Dear Mom:

Recently, I was speaking with a dear friend who felt like a failure as a mom. I heard her frustration, her anxiety, her helplessness, her shame and disappointment. I listened to her explain the circumstances, the decisions she had to make, and the fear of not making the “right” decision. While I listened, my own thoughts surfaced: the many mistakes I made, the constant quest to find the “right way” to do things, the striving to be the best mom, the best wife, the best Christian, the list goes on.

My friend was caught in a circle of hopelessness. She, like so many of us, carries the burden of her children’s choices—good or bad—on her shoulders. It is as if all of their decisions in life are a direct result of her parenting.

“Before I got married I had six theories about raising children; now, I have six children and no theories.”  John Wilmot

True, she has failed countless times. So have I. In fact, we all do. It doesn’t matter if its mothering, dieting, relationships, work or other. We cannot escape the fact that we fail. Sometimes those failures effect our children as well as our friends, spouses, family, and coworkers.

However, the truth is not everything is your fault. I know the world blames you. Maybe friends and family blame you. Maybe it’s your own kids. Maybe you blame yourself.  Please STOP! I know this easier said than done; it is necessary for you and your children.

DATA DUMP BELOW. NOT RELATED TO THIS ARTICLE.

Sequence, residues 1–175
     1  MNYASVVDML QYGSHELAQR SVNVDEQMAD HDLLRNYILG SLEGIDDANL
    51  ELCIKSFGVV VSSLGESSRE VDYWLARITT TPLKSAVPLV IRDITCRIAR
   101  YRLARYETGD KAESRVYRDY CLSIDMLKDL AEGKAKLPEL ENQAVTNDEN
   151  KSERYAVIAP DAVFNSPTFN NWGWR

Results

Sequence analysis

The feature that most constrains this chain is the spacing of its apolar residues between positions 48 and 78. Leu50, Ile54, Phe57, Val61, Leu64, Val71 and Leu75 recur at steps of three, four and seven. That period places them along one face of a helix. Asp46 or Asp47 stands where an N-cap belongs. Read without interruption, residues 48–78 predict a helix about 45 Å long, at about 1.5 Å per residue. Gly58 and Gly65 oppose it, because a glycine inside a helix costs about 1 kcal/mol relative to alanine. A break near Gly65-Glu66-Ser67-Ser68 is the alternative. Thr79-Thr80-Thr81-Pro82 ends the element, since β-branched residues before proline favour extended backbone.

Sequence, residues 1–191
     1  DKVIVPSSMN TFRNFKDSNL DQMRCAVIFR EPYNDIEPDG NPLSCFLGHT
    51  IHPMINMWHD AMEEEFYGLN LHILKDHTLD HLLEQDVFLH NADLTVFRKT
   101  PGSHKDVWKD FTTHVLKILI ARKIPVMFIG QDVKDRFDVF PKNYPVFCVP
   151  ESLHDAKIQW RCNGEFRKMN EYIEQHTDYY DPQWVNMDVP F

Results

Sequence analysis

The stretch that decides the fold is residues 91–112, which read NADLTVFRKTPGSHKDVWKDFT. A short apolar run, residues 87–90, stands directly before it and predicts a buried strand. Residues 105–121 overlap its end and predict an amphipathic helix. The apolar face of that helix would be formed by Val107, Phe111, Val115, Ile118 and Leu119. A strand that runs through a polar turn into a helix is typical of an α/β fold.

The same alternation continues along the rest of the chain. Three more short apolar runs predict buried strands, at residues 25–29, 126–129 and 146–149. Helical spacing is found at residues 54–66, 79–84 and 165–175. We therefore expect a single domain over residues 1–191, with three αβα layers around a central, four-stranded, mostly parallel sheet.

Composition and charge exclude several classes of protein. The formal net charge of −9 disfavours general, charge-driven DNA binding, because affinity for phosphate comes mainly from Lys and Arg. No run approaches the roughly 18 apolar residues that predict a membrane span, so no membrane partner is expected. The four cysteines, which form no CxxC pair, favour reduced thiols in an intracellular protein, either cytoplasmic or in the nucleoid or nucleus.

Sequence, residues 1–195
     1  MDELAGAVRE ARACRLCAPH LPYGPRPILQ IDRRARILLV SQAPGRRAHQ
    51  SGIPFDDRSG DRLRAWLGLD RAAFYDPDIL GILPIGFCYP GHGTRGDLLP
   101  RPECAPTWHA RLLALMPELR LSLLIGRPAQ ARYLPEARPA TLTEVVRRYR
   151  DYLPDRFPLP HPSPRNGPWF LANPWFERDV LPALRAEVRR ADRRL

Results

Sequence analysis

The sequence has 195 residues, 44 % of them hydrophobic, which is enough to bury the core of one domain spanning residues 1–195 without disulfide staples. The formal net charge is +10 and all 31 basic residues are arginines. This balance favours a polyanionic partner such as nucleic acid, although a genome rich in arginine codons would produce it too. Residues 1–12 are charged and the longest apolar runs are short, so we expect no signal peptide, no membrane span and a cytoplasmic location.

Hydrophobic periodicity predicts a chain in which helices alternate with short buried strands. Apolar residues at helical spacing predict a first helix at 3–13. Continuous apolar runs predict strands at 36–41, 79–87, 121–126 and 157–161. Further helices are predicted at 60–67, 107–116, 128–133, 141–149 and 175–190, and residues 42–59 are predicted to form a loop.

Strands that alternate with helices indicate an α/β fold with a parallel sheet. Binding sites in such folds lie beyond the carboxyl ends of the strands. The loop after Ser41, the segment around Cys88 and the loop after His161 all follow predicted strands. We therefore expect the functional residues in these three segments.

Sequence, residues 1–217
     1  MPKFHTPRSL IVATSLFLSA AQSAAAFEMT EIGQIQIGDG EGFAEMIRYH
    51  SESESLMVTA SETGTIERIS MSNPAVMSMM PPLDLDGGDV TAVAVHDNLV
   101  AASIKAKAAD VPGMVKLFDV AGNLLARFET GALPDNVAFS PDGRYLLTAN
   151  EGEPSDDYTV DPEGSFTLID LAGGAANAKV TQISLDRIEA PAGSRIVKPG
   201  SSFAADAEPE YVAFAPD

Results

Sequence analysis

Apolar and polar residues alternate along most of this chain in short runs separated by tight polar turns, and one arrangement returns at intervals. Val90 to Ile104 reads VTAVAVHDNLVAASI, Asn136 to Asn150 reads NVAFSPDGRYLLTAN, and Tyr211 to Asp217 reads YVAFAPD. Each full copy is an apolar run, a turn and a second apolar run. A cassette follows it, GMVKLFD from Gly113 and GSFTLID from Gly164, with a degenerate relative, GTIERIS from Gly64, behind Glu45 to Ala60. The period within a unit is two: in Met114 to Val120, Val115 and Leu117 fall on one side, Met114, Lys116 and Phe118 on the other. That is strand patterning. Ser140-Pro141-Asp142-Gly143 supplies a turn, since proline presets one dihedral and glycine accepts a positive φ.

Photo Credit: Kishivan
Photo Credit: Kishivan

Somehow we forget that we are humans and humans are fallible. As adults, we carry the positive and negative aspects of our own upbringing  into our adult lives, including our parenting and relationship styles. Our parenting and adult decisions and choices are directly and indirectly influenced by our own parents and they theirs and so on. Some are lucky enough to grow up in good homes. A home filled with love, laughter, safety, and togetherness. Yet, to believe a home with all of these things somehow escapes failures, mistakes or our sin nature, which is inherent to all humans, is ignorant bliss. It is equally naïve to assume a home that is completely destructive—laden with abuse, abandonment, neglect and so on, like mine was, results in generations of destruction. The truth is there is always an anomaly. Some really destructive homes produce amazing children who grow into amazing adults and parents without repeating the same patterns of behavior. Just as some children who grown up in good homes somehow become destructive adults.

There is no guarantee.

But that’s what we want. We want  assurance that if we do everything right then we can somehow ensure our children will make the right choices as adults. Unfortunately, we buy into this mentality and live a life full of anxiety, depression, confusion, and desperation. We spend our time looking for the best five-step-plan to produce happy healthy children and are left bewildered with our kid’s behavior. No offense to the experts. There is a great deal of good parenting advice and expertise out there .  However, no one can offer a surefire plan in raising happy healthy children who become vital and productive members of society.

I spent twenty-six years of parenting to discover that all my efforts to be what my parents were not (in my mind) in vain. I judged them harshly. This is not to say they did not make some serious mistakes or that some of their actions were destructive, but to say, I cannot assume I would respond differently unless I walked in their shoes. In fact, I became the very thing I despised—them. And then, I got the opportunity to walk in their shoes and make some of the very same mistakes, and then some. I also got the opportunity to make different choices with different outcomes.